Cha-Cha-Cha-Changes: Getting better at them all the time

(‘Changes’ song lyric sample from David Bowie, album “Hunky Dory” 1971)

When the seasons change, I often have a bipolar relapse, one that starts small, like a snowball, gathering speed and size as it rolls down the hill, exploding on the impact of hitting bottom! Boom! On September 24 this fall I had to admit, as anhedonia and thoughts of throwing myself off of my balcony were the norm, I had to admit that it had happened again.  Since this has happened to me six times since my diagnosis in ’89, I’ve gotten so much better at picking up the pieces. I’d like to share my learning curve with you, since you might be in my shoes one day, and confused about it all. (There is a phrase chuckled about in clinical circles, called Prozac-Poopout, referring to when an antidepressant can become ineffective over time.) So I know I’m not the only one this has happened to.

The first time this happened to me, I was at the top of my alternative radio career, playing music from artists who sang of depression and self-loathing. (Nirvana, The doom and gloom of The Cure, The Smiths and Depeche Mode.) It was even fashionable in the 90’s, along with Heroin Chic, to have mental illness and express it. I’d go as far as to say that my illness fueled my talent and played a part in my success as a music director and on-air personality. I understood those artists the way most people did not. 

I’d taken my prescribed mood stabilizer and an early SSRI without incident for ten years. I’d neglected, as I moved from market to market (as we tend to do in the radio world), to see a psychiatrist and got my medicine from my internists.

In Phoenix in 1999, I was a newlywed, my SSRI had stopped working and my perception was that my antidepressant was the be all and end all.  If it stopped working, as it did, my case was hopeless. In ignorance and fear I panicked; self-medicating, which made my case progress to bipolar I.  

I ended up in a long-term eating disorder/psychiatric center for women in Arizona, and went to a half-way house afterwards. I was put on an antidepressant that actually was released before SSRI’s even came on the market and it had a few thing I liked about it: For one, it worked, it didn’t have side effects of weight gain and had no sexual side effects. I tried to salvage the marriage, but my husband said that he didn’t want a wife with bipolar disorder, due to the risks of me becoming very ill, or permanently disabled. We divorced. I fell apart.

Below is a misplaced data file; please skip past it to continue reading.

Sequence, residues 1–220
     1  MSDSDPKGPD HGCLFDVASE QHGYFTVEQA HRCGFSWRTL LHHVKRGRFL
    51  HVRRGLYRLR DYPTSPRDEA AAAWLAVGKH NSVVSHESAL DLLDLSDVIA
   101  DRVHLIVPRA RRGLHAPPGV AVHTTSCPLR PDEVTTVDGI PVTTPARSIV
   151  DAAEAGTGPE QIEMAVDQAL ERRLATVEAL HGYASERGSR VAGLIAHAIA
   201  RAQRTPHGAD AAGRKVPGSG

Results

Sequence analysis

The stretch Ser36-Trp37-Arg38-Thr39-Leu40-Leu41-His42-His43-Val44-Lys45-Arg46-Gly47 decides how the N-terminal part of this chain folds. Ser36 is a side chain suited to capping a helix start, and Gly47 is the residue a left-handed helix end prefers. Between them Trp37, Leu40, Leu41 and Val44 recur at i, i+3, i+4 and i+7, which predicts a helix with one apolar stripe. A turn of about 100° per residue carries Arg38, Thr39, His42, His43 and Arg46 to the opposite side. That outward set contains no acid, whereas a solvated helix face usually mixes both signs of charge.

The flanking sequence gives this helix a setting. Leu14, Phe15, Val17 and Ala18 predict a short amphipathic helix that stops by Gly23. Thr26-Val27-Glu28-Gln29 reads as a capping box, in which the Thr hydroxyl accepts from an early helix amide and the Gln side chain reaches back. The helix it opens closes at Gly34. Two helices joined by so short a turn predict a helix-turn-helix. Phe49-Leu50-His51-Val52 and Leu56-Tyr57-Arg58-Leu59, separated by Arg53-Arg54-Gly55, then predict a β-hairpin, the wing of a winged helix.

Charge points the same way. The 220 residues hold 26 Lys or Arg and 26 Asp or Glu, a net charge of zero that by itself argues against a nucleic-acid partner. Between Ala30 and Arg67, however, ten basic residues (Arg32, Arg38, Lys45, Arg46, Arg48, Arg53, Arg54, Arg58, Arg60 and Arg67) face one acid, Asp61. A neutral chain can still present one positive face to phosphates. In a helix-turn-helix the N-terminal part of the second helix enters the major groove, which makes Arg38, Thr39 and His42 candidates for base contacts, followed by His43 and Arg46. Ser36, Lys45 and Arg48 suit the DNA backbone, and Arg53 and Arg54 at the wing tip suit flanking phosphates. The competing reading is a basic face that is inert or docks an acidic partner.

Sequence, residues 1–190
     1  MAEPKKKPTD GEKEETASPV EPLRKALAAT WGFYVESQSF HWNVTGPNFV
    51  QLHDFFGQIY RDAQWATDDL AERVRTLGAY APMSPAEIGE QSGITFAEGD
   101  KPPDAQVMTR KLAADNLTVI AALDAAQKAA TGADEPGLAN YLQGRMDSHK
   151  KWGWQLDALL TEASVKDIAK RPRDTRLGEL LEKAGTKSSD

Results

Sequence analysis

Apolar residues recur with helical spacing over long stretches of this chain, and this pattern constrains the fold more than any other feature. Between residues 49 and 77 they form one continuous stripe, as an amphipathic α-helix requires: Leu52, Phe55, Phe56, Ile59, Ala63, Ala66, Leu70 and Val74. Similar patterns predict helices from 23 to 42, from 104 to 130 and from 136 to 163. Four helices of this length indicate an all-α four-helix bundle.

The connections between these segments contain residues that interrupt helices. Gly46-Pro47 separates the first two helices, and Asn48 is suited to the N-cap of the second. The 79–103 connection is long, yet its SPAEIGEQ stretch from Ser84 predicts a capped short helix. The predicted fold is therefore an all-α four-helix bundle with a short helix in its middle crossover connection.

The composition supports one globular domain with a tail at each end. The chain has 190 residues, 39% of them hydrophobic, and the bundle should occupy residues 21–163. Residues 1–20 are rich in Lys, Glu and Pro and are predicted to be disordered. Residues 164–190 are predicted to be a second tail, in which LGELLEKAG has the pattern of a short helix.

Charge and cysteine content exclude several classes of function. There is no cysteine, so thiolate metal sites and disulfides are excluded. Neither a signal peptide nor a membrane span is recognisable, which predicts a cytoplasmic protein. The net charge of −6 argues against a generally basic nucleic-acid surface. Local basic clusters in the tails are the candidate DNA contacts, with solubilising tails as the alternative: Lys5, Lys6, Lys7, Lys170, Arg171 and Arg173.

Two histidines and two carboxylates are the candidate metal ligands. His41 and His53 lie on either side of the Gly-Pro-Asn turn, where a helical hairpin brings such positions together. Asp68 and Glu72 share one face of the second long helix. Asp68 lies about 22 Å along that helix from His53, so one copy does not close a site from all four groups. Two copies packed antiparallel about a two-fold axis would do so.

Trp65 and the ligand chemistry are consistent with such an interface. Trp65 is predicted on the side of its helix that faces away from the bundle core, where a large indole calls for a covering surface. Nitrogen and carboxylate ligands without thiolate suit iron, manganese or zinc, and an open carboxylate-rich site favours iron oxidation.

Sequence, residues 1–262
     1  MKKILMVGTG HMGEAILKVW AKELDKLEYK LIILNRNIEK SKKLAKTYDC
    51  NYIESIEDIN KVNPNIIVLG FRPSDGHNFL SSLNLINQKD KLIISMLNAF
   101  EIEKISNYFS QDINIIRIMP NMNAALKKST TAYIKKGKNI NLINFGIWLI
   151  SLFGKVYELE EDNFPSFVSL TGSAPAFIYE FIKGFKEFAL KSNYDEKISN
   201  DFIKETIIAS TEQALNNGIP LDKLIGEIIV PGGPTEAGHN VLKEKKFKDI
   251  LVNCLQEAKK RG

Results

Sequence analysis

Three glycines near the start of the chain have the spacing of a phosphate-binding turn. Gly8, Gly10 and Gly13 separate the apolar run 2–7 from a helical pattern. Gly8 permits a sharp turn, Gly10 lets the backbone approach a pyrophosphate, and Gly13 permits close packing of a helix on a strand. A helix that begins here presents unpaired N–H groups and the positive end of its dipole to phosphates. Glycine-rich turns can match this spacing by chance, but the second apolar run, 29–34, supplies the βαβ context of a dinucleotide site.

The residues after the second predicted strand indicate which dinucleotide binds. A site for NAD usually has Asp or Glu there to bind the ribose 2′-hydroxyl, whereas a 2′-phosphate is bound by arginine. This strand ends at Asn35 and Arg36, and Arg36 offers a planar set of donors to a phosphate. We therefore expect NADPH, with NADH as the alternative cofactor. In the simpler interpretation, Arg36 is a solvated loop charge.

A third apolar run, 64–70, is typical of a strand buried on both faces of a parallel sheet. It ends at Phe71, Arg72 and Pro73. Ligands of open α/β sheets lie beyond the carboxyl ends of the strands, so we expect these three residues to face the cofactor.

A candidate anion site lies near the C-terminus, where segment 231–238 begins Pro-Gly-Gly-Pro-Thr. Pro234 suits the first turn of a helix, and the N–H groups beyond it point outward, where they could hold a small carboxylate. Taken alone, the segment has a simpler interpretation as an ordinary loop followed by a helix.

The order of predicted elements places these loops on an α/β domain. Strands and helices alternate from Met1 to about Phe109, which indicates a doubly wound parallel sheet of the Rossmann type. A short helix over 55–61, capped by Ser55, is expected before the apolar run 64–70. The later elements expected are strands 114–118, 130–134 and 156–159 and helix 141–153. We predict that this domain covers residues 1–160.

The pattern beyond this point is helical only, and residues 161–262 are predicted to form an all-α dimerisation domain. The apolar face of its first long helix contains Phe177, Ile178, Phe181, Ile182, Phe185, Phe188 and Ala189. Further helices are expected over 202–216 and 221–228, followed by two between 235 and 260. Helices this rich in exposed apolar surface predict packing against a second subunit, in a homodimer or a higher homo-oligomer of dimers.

On vacation in Florida I was committed against my will and met the psychiatrist I now have. It’s been 15 years. I’ve had 5 bipolar depression relapses with him, and we do what historically has helped the most.  We start a new antidepressant and wait for it to work.  I get a lot of mileage out of hope. I have confidence in him, and like his collaborative approach, one that’s not appropriate for every patient but is for me.  I actually feel better when I see him, even when I’m at a low point. 

The last three relapses have been surprisingly short, once I stopped denying them. The last three medication changes have worked within a week, surprise, surprise.

I think that overall, the medicines are getting better. And we have more of them to try.  These days, if I have mood problems, I waste no time and go see the expert. He’s usually right on target with me. He’s in his 70’s and will retire soon. I’ve gone out and done ‘intake’ with younger psychiatrists to see who is out there. One of them, a dictator with a Vertical (Top Down) style of treatment threw me out of his office in three minutes. Because I have a movement disorder and a history of substance abuse (1999), I get turned away often. This is worrisome. I’m going to do another round of ‘shopping,’ and will blog about that in the future. Maybe you’ll be able to help me.  I hope. 


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